The answer lies in a permanent magnet that is attached to the end of the plastic piece holding the mirror—and in that big black and white circular component, which is an inductor. As current passes through the inductor, a magnetic field is generated which, in turn, influences/moves the permanent magnet. The "oscillating" trick is to quickly cycle (on - off - on) the magnetic field by quickly cycling the current through the inductor.
I was curious to know the rate of oscillation of the moving magnet. So I connected my trusty Saleae logic analyzer between one of the inductor's leads and ground and, as shown in the figure below, we can see that the inductor is charged every ~25 Hz. Therefore, the mirror oscillates at the same frequency, 25 cycles per second.
Saleae logic analyzer measuring inductor charge rate
Inspecting Other Components/PCBs
All the components, once removed from the housing, can be inspected below.
All the components removed from the housing
Laser Diode PCB
Laser diode PCB components/findings
The major components and findings on the laser diode PCB, include:
- LM324DG is an operational amplifier.
- The epoxy is used to secure the components/nuts in place.
- The manually trimmed edges of the PCB suggest that a 3D analysis wasn't completed prior to the final design.
- Due to the fashion in which the inductor (no part number listed) was installed, perhaps this particular inductor was a last-minute change. Nonetheless, the inductor looks to be installed in a sloppy manner since its leads have not been trimmed.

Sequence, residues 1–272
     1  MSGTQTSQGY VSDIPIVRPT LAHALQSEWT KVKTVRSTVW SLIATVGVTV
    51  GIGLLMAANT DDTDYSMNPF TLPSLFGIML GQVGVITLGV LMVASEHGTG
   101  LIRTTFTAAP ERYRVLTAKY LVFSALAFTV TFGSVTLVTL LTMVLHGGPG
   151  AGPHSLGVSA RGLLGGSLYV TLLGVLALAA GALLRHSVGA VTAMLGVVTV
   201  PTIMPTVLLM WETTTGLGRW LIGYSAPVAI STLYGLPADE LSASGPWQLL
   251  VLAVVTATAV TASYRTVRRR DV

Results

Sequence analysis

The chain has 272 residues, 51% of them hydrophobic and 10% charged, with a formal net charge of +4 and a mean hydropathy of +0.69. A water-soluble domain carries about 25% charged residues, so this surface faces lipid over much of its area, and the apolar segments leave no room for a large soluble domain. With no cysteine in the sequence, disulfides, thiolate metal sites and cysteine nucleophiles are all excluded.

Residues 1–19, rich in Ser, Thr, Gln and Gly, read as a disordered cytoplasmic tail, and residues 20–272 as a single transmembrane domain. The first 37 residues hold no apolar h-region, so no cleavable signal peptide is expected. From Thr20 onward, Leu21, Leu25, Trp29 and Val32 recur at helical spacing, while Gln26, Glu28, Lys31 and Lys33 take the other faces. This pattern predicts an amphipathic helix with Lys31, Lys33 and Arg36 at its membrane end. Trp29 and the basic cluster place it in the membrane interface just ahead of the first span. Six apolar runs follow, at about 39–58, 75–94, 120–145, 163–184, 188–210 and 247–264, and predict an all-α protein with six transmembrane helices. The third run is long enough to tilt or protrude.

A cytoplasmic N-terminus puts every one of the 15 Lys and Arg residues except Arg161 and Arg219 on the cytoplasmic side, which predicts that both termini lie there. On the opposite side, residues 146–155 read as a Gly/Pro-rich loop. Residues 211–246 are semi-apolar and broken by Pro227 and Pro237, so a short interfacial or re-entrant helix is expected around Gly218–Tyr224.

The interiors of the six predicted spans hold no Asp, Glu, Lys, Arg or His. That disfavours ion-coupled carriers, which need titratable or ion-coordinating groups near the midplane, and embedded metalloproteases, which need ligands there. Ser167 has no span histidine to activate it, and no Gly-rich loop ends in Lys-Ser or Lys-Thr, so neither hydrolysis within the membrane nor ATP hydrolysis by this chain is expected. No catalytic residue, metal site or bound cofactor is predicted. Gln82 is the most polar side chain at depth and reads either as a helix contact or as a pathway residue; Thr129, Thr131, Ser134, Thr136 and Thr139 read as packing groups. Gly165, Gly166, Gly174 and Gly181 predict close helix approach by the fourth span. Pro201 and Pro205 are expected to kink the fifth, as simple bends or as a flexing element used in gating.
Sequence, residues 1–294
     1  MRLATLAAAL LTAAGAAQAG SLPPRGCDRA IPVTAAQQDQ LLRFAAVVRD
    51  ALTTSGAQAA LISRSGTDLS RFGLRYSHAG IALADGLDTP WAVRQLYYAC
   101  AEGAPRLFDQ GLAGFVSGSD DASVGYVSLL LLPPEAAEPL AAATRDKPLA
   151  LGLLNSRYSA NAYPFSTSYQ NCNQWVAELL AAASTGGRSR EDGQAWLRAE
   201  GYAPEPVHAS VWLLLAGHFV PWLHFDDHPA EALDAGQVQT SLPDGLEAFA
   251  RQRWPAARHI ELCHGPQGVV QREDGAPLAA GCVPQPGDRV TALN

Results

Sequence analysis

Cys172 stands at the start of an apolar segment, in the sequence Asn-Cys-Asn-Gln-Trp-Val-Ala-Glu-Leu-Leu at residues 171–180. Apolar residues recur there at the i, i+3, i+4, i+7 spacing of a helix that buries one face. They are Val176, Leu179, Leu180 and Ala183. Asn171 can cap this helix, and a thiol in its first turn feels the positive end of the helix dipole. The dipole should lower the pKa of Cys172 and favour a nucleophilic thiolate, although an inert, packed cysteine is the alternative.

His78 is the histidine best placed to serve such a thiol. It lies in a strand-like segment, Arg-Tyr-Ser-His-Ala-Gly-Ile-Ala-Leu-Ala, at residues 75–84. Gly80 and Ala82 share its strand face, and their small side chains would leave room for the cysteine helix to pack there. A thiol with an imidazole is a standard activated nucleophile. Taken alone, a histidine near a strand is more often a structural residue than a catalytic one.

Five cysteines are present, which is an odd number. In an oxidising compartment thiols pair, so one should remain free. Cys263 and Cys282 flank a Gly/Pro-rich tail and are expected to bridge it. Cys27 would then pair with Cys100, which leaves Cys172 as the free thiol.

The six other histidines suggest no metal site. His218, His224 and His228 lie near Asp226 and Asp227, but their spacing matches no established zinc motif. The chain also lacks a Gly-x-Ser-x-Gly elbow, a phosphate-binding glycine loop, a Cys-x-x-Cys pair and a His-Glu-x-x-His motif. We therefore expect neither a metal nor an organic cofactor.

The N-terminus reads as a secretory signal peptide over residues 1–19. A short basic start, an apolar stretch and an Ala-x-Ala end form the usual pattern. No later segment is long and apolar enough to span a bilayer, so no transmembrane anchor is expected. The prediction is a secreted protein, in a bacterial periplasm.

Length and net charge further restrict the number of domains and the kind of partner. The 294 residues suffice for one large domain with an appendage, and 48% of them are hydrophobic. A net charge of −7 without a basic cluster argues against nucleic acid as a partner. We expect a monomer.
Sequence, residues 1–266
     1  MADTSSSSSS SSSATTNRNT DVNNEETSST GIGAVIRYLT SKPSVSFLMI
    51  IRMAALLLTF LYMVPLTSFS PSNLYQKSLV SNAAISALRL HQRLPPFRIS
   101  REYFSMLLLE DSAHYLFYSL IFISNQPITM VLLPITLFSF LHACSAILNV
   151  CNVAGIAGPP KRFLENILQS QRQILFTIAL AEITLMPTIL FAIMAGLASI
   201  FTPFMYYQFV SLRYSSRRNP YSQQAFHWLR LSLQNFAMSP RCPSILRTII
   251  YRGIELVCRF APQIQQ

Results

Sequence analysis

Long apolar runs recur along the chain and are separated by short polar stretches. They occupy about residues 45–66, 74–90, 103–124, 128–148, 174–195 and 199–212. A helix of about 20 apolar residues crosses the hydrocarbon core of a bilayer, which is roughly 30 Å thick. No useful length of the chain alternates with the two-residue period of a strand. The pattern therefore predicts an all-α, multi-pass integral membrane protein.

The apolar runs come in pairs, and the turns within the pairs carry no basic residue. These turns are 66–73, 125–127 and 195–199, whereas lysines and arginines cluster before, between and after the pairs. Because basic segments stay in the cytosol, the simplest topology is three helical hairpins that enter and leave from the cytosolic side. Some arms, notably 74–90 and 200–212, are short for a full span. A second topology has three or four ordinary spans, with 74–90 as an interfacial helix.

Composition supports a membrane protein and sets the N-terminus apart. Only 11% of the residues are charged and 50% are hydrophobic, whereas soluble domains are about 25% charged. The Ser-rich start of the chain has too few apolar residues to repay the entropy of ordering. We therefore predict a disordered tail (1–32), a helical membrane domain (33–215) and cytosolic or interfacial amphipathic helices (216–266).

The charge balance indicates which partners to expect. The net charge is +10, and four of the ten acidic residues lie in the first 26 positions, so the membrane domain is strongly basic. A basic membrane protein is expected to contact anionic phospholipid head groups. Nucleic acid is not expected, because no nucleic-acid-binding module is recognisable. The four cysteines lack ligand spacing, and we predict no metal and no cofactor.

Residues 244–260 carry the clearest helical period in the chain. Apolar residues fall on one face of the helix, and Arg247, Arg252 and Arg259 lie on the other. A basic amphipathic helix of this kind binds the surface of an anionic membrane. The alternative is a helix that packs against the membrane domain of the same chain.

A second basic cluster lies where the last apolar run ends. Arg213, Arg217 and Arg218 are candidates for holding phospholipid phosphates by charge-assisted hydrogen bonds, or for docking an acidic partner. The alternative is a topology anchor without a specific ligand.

- Neither of the two mirrors has a part number.
- Neither the laser diode nor the laser detector has a part number.
Battery PCB components
The "brains" of this cordless barcode scanner are located on the battery PCB.
Most, but not all, of the parts have no markings:
- The castellated PCB is noticeably installed crooked. I would guess that there's little to no quality control during the assembly process.
- The NPN transistors (part marking 1AM) are just general purpose-type transistors.
- Processor: This part serves as the brains of the systems and has no markings at all. My guess is that this IC was custom manufactured to omit any IC markings.
- It appears that the "unknown IC" has had its IC markings mechanically/manually removed. It looks like someone took a grinder to it!
- Neither the switch nor the audio alarm has any part markings.
- The memory IC has a marking of ATMLH536.
The 3.7V 700mAh rechargeable battery (see figure below) has its own PCB.
Rechargeable battery with integrated PCB
The Bluetooth PCB uses what appears to be an OTS (off the shelf) Bluetooth castellated PCB.
This PCB has only two ICs:
- BCM20730 from Cypress is the Bluetooth IC. It's advertised as a single-chip transceiver for wireless input devices.
- Although the STMicroelectronics device is marked with 4HDR8 and K645, I was not able to locate any datasheets for this part. I'm assuming this IC is a memory (Flash) device, but I'm not certain.
- The crystal utilized is a 24.000MHz device.
I really enjoyed tearing down this 1D cordless barcode scanner! And although some quality-control measures have been demonstrated to be missing during the assembly process, all in all this handheld barcode scanner appears to be a well-built and creative design, especially the oscillating mirror scheme!
Featured image used courtesy of Amazon.
Next Teardown: Bluetooth Car FM Radio Transmitter